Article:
It is well known that hypoxia prospects to numerous effects in invasive and metastatic cancers including a shift toward anaerobic glycolysis, away from the oxidative mitochondrial phosphorylation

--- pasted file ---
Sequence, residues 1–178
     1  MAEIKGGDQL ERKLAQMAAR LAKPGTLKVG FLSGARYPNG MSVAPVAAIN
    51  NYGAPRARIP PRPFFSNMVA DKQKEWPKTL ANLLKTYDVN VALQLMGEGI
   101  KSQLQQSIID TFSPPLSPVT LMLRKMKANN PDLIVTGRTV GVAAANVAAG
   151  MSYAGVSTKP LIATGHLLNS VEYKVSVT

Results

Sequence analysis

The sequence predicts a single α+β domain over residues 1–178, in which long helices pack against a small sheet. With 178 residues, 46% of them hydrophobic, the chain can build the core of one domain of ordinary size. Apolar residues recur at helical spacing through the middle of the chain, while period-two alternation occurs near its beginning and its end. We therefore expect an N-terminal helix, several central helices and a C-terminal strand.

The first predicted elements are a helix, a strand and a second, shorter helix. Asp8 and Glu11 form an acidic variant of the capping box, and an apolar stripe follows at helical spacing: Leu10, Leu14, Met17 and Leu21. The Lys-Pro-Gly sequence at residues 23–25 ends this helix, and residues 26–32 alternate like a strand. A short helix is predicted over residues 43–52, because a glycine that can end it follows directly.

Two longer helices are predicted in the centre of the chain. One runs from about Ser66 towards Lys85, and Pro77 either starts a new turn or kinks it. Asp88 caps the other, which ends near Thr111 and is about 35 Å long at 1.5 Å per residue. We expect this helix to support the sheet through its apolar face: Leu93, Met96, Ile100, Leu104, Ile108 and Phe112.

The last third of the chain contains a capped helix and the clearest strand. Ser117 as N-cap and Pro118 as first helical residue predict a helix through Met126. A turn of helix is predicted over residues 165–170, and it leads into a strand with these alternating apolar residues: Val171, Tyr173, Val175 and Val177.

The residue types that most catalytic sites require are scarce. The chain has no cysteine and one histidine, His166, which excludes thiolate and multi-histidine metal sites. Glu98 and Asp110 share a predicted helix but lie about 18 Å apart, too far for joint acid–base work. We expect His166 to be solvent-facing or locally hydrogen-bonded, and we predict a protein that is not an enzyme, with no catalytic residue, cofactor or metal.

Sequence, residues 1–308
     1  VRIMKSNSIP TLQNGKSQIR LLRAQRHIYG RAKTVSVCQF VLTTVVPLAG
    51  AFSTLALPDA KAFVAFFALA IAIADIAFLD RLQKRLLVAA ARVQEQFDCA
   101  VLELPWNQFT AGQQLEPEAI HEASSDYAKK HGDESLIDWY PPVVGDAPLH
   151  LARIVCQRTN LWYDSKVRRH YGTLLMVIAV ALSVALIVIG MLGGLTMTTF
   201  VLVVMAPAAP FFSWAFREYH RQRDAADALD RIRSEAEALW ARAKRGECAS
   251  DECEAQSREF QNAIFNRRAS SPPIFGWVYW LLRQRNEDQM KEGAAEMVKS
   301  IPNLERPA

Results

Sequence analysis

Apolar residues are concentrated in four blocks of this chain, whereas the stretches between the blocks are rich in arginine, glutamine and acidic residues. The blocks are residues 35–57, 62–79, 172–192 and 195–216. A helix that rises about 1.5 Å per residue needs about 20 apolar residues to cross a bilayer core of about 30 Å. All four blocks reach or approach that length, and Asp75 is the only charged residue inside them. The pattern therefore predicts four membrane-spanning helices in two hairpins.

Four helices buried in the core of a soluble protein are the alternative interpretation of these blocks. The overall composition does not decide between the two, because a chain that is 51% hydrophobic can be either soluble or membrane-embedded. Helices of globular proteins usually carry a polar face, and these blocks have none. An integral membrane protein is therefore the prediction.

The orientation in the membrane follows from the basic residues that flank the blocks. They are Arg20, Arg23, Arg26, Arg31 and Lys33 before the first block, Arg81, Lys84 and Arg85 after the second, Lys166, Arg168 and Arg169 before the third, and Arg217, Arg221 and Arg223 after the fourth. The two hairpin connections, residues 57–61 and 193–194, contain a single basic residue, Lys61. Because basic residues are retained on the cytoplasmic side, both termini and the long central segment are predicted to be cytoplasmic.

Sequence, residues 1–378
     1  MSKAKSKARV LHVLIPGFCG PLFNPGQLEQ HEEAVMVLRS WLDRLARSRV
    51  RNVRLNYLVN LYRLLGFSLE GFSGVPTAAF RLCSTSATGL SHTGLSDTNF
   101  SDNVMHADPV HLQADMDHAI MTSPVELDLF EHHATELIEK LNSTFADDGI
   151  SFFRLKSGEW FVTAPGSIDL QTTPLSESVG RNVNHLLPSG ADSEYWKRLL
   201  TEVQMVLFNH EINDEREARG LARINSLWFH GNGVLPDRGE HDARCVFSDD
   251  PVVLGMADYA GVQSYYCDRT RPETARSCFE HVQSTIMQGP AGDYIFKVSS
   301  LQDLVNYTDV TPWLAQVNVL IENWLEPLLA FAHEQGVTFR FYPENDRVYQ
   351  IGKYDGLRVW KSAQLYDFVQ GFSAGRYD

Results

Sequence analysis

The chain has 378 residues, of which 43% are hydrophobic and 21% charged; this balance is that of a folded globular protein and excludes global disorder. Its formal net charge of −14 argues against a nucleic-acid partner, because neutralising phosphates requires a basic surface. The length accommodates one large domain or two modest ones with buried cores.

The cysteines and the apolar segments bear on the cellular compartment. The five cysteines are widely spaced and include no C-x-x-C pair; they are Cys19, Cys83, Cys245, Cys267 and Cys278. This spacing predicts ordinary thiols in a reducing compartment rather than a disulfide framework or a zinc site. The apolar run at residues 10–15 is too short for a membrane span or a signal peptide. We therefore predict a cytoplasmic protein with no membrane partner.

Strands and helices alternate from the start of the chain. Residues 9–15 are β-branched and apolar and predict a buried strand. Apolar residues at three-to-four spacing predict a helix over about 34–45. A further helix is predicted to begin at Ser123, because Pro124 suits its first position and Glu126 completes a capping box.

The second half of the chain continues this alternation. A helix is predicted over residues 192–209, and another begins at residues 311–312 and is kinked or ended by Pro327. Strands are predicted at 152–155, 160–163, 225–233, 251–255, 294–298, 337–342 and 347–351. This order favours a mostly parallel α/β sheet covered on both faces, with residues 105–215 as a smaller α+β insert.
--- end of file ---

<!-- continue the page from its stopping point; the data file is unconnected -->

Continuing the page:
It is well known that hypoxia prospects to numerous effects in invasive and metastatic cancers including a shift toward anaerobic glycolysis, away from the oxidative mitochondrial phosphorylation. unique metabolites representing numerous metabolite classes including carbohydrates, amino acids, carboxylic acids and nucleotides. BPTES induced metabolism changes in the malignancy cell lines were especially pronounced under hypoxic conditions with up to 1/3 of the metabolites altered significantly (< 0.05) relative to untreated cells. The BPTES induced changes were more pronounced for MCF7 cells, with 14 metabolites altered significantly (< 0.05) compared to seven for MDA-MB231. Analyses of the results show that BPTES affected numerous metabolic pathways including glycolysis, TCA cycle, nucleotide and amino acid metabolism in cancer. The distinct metabolic responses to BPTES treatment determined in the two breast cancer cell lines offer valuable metabolic information for the exploration of the therapeutic responses to breast cancer. = 3) and hypoxic (= 3) conditions were treated with 20 M BPTES inhibitor (Sigma-Aldrich St. Louis, MO) before incubation. Metabolite extraction After 24 h incubation, the cell media were removed and the cells washed with 30 mL cold water; a mixture of methanol/chloroform (9.5 mL; 9:1 v/v) was then immediately added to the plates to quench the cells and extract metabolites. Cell lysates were obtained by keeping the plates at ?75C for 5 min and thawing them at room temperature. Cell remnants were scraped from the culture dishes and collected in fresh tubes along with the cell lysates. Resulting mixtures were centrifuged at 13,000 rpm for 5 min and supernatant solutions that contained cell metabolites were transferred to fresh tubes and dried overnight using a Speedvac at 30C. The dried residues were dissolved in 600 L 0.1 M phosphate buffer (pH 7.4) in D2O solvent containing 50 M TSP and the solutions transferred to 5 mm NMR tubes for metabolite analysis using 1H 1D NMR spectroscopy. Metabolite labeling with a 15N- isotope tag After acquiring 1H 1D NMR spectra as described below for cell extracts, the solutions were dried and reconstituted in 550 L water. Carboxyl group containing metabolites were then labeled with 15N-cholamine (Figure ?(Figure1),1), which was synthesized using a two-step reaction following the protocol described previously by our laboratory (Tayyari et al., 2013). Briefly, 15N-cholamine (5 mg, 50 mol) was added to solutions of cell extracts in Eppendorf tubes and pH adjusted to 7.0 CCG 50014 with 1 M hydrochloric acid (HCl) or sodium hydroxide (NaOH). DMTMM (15 mg) was then added as a catalyst to help initiate the reaction, and the mixtures were then stirred at room temperature for 4 h to complete the reaction. The resulting solutions were mixed with a small volume (25 L) of D2O for NMR field-frequency locking. To maintain amide protonation the pH was adjusted to 5.0 by adding 1 N HCl or 1 N NaOH. The solutions were then transferred to 5 mm NMR tubes for detection of the isotope tagged metabolites using two-dimensional NMR spectroscopy. Open in a separate window Figure 1 (A) General reaction for tagging of carboxylic group containing metabolites with 15N-cholamine tag; (B) schematic 3D view of a typical 2D 1H-15N HSQC NMR spectrum of a sample with 15N-cholamine tagging of carboxylic acid containing metabolites. DMTMM:4-(4,6-dimethoxy[1,3,5]triazin-2-yl)-4-methylmorpholinium chloride. NMR spectroscopy All NMR experiments were performed at 298 K on a Bruker Avance III 800 MHz spectrometer equipped with a cryoprobe and Z-gradients. Before labeling with the cholamine tag, 1H 1D NMR experiments were performed on the cell extracts using the CPMG (Carr-Purcell-Meiboom-Gill) pulse sequence with residual water signal suppression using presaturation. A spectral width of 9,615 Hz, time domain points of 32 K, a recycle delay of 6 s, 16 dummy scans and 64 scans were used. The raw data were then Fourier transformed after multiplying with an exponential window function using a line broadening (LB) of 0.5 Hz and spectrum size of 32 K points. Resulting 1D spectra were phase and baseline corrected. To detect the carboxyl group containing metabolites after isotope tagging, sensitivity-enhanced 1H-15N 2D HSQC experiments were performed with an INEPT transfer delay of 6 ms corresponding to the 1JNH coupling of 90 Hz. Spectral widths for the 1H and 15N dimensions were approximately 8 and 3 kHz, respectively. One hundred and twenty-eight free induction decays of 1 1,024 data points each were collected in the indirect dimension (t1) with 16 transients per increment. 15N decoupling during the direct acquisition dimension (t2) Slc4a1 was achieved with the GARP (Globally Optimized Alternating-Phase Rectangular Pulses) sequence. The resulting 2D data were zero-filled to 2,048 points in the t2 and 1,024 in the t1 dimension after forward linear prediction to 256 points. A 90 shifted squared sine-bell window function was CCG 50014 applied to both dimensions before Fourier transformation. Chemical shifts were referenced to the TSP signal for 1H 1D NMR or the CCG 50014 derivatized formic acid signal (1H: 8.05 ppm; 15N: 123.93 ppm) in.